ANKARA - A prominent Turkish journalist was hospitalised after an attack by unknown assailants outside his home, his newspaper said on Thursday, in the latest sign of deteriorating conditions for the media under President Tayyip Erdogan.
Ahmet Hakan, a columnist for Turkey's leading secular Hurriyet newspaper and a host on broadcaster CNN Turk, was followed home from the television station by four men in a black car late on Wednesday, before being assaulted near his residence, according to Hurriyet Editor-in-Chief Sedat Ergin. "We see that it was an organised, planned attack," Ergin was quoted as saying in Hurriyet Daily News.
Hakan was treated for a broken nose and ribs, the newspaper said. The attack comes just weeks after prosecutors launched an investigation into the paper's owner, Dogan Media Group , for alleged "terrorism propaganda".
Last month, pro-government mobs attacked Hurriyet offices, accusing the newspaper of sympathising with the banned Kurdistan Workers' Party (PKK) insurgent group.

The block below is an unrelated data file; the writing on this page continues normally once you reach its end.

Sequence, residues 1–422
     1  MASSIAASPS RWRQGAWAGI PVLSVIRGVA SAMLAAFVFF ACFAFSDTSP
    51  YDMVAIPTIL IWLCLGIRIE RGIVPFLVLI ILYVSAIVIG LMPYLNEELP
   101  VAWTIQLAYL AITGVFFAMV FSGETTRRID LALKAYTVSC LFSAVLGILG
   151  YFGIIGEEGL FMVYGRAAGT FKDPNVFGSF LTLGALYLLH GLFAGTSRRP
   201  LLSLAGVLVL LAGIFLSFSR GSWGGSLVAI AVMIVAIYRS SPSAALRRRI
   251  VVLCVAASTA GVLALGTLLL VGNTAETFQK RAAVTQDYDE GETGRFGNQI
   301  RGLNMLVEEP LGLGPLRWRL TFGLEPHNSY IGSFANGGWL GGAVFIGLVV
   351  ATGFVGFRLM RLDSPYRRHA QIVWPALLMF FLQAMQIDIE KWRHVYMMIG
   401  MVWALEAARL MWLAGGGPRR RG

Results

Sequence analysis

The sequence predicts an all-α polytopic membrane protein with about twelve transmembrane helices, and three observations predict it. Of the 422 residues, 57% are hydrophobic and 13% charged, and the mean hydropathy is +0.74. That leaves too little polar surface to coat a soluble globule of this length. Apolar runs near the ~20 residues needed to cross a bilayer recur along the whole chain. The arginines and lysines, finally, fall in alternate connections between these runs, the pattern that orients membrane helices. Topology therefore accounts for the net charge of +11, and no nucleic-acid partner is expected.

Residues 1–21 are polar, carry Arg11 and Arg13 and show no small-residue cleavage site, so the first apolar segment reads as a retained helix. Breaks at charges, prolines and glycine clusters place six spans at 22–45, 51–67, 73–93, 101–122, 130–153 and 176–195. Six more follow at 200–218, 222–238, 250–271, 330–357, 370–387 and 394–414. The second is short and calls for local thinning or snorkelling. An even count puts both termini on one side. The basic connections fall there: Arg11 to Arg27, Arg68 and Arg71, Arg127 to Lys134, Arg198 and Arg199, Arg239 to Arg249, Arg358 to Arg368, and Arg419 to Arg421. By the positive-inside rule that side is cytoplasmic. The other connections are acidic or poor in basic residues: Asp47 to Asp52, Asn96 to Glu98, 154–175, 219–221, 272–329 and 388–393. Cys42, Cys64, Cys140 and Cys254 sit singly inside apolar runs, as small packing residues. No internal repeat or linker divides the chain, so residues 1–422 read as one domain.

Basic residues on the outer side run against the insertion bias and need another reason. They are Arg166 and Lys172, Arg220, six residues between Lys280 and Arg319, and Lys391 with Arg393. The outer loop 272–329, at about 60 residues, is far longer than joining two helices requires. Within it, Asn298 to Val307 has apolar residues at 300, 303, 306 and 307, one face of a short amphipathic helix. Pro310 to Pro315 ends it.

Hurriyet has been singled out for criticism from Erdogan as the government struggles to control a surge in Kurdish militant violence in the southeast.
Tensions have been further ratcheted up after Erdogan's ruling AK Party lost its parliamentary majority in June general elections, and failed coalition talks prompted a snap election, due November 1.
In an initial reaction, a senior AKP official denounced the attack. "Turkey is democracy, there is a state of law. We do not approve of or accept this attack," Ayhan Sefer Ustun told Reuters.
Dogan Media and its listed parent Dogan Holding are no strangers to Erdogan's ire. In May, the group was suspended from state tenders after Erdogan accused its head, Aydin Dogan, of being a "coup lover" and described its media columnists as"charlatans".
Turkey has dropped down press freedom league tables under Erdogan, currently ranking 149th out of 180 in the Reporters Without Borders Press Freedom Index.
On September 15 the group warned of a "dangerous surge in censorship" which could worsen current tensions.